An international study of public contact with people who have an intellectual disability

Roy McConkey, Paul F Slater, Lindsay Dubois, Amy Shellard, Ashlyn Smith

Research output: Contribution to journalArticlepeer-review

4 Citations (Scopus)
20 Downloads (Pure)


Background: People with intellectual disability (ID) are often socially isolated, and many experience stigma and discrimination. Increased contact with the general public is thought to overcome prejudices. This large-scale international study had three main aims: to determine the type and frequency of contact that the general public has with people with ID; to identify the personal characteristics of those who have greater contact; and to examine the public's level of comfort at the prospect of having contact with people with ID. Method: Self-completed online questionnaires were administered to nationally representative panels of respondents in 17 countries; totally 24 504 persons. Multivariate analyses were used to identify respondents more likely to have had frequent personal contact with persons with ID from those with infrequent or no contact and those respondents who were most comfortable at meeting a person with ID. Results: Internationally around one in four of the general population reports having frequent personal contact with people who have an ID although this varied from 7% in Japan to 46% in Panama. The principal forms of contact were through friendships, neighbours or extended family members. Over all countries, volunteering and engagement with Special Olympics were the two main predictors of frequent personal contact followed by employment in the education, health or social care field, being a parent of children under 18 years, playing sports and being employed. People who reported frequent personal contact were also more comfortable at meeting a person with ID. Conclusions: This international dataset provides a baseline against which public contact can be compared across countries and changes monitored over time. The findings suggest ways in which greater contact can be promoted and making the public more comfortable at meeting people with ID.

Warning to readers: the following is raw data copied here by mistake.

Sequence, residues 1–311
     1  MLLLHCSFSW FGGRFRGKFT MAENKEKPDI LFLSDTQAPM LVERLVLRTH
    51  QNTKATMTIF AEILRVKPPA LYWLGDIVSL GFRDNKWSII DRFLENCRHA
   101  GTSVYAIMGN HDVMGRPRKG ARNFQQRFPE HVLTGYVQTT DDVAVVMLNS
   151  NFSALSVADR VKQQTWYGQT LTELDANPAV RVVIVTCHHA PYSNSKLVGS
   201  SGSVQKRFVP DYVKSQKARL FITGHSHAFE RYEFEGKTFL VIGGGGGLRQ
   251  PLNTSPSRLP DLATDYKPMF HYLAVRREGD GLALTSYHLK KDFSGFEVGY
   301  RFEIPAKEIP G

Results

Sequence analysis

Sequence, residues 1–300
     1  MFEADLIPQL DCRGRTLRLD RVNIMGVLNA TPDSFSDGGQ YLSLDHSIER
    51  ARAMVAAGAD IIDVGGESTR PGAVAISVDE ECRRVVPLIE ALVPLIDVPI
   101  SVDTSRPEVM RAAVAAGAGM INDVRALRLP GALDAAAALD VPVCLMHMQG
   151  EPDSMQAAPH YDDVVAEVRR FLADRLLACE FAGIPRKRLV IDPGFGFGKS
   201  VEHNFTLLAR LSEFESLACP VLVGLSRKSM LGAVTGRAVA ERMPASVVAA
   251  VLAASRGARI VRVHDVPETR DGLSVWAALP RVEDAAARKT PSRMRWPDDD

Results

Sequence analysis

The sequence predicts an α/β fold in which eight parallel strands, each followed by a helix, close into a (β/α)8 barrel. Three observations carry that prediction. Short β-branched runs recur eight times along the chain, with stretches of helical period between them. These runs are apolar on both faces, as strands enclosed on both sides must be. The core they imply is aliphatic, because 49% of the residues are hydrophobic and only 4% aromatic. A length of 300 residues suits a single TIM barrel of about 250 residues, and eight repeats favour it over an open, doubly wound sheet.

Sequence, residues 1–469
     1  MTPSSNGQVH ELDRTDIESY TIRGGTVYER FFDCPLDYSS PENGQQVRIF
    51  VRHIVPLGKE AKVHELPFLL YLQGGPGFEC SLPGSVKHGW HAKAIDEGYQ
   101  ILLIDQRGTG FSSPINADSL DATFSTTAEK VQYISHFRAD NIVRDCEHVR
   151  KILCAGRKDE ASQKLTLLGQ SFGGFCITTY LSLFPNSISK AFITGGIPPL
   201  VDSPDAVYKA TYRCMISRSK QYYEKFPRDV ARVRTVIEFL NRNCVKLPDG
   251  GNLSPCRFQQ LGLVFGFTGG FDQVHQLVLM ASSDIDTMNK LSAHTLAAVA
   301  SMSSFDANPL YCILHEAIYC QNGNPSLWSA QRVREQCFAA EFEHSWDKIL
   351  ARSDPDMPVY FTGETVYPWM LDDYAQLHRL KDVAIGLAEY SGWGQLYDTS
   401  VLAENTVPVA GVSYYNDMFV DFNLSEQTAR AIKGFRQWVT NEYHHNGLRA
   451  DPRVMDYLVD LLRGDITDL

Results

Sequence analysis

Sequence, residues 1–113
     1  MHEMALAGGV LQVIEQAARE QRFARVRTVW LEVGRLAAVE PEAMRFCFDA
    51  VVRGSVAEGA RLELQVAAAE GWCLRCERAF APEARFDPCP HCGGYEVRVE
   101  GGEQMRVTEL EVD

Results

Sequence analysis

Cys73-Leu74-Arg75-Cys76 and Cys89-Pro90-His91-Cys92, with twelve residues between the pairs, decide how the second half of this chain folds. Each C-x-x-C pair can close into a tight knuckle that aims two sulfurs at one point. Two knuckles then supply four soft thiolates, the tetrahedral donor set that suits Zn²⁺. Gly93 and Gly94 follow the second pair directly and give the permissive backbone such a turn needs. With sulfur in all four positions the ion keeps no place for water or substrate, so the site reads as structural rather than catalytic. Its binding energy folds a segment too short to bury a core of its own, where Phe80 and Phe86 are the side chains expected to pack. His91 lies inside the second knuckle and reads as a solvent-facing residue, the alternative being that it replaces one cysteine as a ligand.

Original languageEnglish
Pages (from-to)272-282
Number of pages11
JournalJournal of Intellectual Disability Research
Issue number3
Early online date6 Jan 2021
Publication statusPublished (in print/issue) - 31 Mar 2021

Bibliographical note

Funding Information:
This study was funded by the ESPN (the Global Presenting Sponsor of Unified Sports), the Erasmus+ Programme of the European Union and the United States Office of Special Education Programs.

Publisher Copyright:
© 2021 The Authors. Journal of Intellectual Disability Research published by MENCAP and International Association of the Scientific Study of Intellectual and Developmental Disibilities and John Wiley & Sons Ltd.


  • International
  • Special Olympics
  • Intellectual Disability
  • General Public
  • Personal contact
  • general public
  • international
  • personal contact
  • intellectual disability
  • Humans
  • Japan
  • Social Support
  • Intellectual Disability/epidemiology
  • Adolescent
  • Surveys and Questionnaires
  • Social Stigma
  • Child


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